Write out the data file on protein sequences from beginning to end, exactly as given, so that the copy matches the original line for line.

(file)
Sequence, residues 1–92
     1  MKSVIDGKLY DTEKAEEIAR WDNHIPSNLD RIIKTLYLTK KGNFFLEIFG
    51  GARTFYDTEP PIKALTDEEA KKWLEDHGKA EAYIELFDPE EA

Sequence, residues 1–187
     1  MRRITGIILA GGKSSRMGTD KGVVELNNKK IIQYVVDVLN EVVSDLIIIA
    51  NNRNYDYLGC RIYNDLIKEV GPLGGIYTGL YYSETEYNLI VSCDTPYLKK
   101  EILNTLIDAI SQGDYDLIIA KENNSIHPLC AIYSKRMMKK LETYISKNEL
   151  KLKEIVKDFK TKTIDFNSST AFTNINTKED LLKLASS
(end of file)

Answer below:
Sequence, residues 1–92
     1  MKSVIDGKLY DTEKAEEIAR WDNHIPSNLD RIIKTLYLTK KGNFFLEIFG
    51  GARTFYDTEP PIKALTDEEA KKWLEDHGKA EAYIELFDPE EA

Sequence, residues 1–187
     1  MRRITGIILA GGKSSRMGTD KGVVELNNKK IIQYVVDVLN EVVSDLIIIA
    51  NNRNYDYLGC RIYNDLIKEV GPLGGIYTGL YYSETEYNLI VSCDTPYLKK
   101  EILNTLIDAI SQGDYDLIIA KENNSIHPLC AIYSKRMMKK LETYISKNEL
   151  KLKEIVKDFK TKTIDFNSST AFTNINTKED LLKLASS